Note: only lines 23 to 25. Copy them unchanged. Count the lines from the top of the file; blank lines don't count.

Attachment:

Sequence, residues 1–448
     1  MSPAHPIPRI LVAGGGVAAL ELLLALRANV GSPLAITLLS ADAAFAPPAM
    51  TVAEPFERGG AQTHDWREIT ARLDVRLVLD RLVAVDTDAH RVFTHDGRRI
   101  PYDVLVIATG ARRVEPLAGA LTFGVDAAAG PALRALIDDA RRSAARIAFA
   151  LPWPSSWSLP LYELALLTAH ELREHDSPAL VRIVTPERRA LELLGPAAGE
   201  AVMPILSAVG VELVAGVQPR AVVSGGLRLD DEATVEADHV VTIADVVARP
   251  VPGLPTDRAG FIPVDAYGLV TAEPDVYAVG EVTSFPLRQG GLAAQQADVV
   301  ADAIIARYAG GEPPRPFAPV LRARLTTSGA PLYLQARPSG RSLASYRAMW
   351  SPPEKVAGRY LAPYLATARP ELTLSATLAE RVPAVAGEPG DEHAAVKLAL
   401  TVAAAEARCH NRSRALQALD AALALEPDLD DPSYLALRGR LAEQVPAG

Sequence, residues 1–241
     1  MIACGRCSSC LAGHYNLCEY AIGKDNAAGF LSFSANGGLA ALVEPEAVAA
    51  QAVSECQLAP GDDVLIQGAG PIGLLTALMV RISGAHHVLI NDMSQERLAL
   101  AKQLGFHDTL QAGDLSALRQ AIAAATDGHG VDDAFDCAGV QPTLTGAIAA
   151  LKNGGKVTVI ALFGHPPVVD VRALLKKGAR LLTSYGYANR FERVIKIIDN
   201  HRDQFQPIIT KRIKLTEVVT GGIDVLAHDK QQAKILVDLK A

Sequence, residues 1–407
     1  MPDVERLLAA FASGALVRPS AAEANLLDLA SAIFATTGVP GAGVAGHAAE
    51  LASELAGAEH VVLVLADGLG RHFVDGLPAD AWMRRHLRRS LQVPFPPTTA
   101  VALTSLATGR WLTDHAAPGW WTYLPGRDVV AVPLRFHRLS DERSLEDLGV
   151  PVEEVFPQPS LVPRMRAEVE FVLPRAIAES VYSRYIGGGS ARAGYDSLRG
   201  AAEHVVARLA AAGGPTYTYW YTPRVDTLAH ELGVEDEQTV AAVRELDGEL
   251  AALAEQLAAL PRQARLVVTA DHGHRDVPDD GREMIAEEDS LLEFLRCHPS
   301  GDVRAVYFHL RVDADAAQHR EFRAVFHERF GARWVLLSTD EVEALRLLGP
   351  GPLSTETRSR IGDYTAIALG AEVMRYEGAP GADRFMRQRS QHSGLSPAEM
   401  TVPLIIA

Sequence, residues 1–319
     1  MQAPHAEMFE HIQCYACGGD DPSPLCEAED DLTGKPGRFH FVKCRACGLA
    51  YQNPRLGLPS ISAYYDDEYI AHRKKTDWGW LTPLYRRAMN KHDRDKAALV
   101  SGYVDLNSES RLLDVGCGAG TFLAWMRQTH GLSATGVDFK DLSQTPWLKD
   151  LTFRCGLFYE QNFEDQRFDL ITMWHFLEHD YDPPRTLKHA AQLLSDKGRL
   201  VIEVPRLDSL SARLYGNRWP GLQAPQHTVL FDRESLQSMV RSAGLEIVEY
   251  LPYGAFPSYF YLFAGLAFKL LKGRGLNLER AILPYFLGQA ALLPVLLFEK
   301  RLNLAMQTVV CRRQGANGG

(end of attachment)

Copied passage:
   251  AALAEQLAAL PRQARLVVTA DHGHRDVPDD GREMIAEEDS LLEFLRCHPS
   301  GDVRAVYFHL RVDADAAQHR EFRAVFHERF GARWVLLSTD EVEALRLLGP
   351  GPLSTETRSR IGDYTAIALG AEVMRYEGAP GADRFMRQRS QHSGLSPAEM